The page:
Because of the relatively short flight time on the shuttle and other factors, even the crystals produced there were frequently unusable. But “the ISS offers a unique opportunity,” DeLucas says. “We have time for these crystals to grow.”

To illustrate the commercial potential of the ISS as a protein-crystal growth platform, DeLucas notes that of the more than 21,000 protein crystals produced under a $350 million long-term National Institutes of Health (NIH) initiative, less than 27% were of a quality high enough to determine their structures.

“That leaves over 15,000 proteins that NIH investigators know how to crystallize, but can't figure out how to get good enough crystals to determine the structure,” he says. DeLucas notes that among the medicines developed using protein crystallography is the “cocktail” of drugs that has dramatically increased survival rates among AIDS patients.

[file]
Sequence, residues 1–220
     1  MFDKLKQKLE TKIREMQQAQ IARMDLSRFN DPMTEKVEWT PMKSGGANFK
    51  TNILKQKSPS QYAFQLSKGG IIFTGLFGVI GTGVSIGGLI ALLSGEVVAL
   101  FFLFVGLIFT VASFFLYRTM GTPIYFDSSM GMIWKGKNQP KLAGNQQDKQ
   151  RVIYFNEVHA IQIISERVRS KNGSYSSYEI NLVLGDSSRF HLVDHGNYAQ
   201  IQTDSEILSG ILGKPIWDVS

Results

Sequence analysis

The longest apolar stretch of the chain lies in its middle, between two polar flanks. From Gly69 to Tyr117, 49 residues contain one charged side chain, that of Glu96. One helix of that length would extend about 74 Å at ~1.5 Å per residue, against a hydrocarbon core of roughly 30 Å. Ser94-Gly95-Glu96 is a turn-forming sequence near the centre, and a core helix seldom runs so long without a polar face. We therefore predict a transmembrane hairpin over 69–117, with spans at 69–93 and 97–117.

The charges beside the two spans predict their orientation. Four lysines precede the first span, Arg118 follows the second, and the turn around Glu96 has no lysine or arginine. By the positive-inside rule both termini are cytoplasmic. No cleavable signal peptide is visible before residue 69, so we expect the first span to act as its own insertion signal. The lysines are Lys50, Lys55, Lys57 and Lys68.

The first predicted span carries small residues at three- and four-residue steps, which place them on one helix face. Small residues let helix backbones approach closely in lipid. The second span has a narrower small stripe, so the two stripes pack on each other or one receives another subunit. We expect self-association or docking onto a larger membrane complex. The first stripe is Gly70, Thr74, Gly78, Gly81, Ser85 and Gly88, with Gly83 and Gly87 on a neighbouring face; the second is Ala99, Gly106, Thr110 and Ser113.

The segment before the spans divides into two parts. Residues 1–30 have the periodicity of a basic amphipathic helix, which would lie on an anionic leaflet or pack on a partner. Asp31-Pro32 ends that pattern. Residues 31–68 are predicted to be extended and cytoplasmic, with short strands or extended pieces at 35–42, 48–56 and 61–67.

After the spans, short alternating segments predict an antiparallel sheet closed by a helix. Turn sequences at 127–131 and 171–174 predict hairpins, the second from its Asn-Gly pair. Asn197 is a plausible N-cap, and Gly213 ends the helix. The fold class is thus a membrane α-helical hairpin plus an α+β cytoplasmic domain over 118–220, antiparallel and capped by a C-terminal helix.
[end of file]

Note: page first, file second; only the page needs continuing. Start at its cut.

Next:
Results like that from ISS research will help recover the investment in the space station, NASA managers say. But for now, ISS research remains at a “tipping point,” says Gerstenmaier, and could go either way.

“We don't have a lot of time,” he says. “Ten years is not a long time to really get some breakthroughs and push some things. We have to take maximum advantage of that . . . . That's your challenge; be creative and push. Make me uncomfortable and make me nervous. Ask for new things, and then we'll see what we can really go do with this wonderful space station.”

Editor's note: This text has been modified to correct the name of the organization sponsoring the ISS users conference.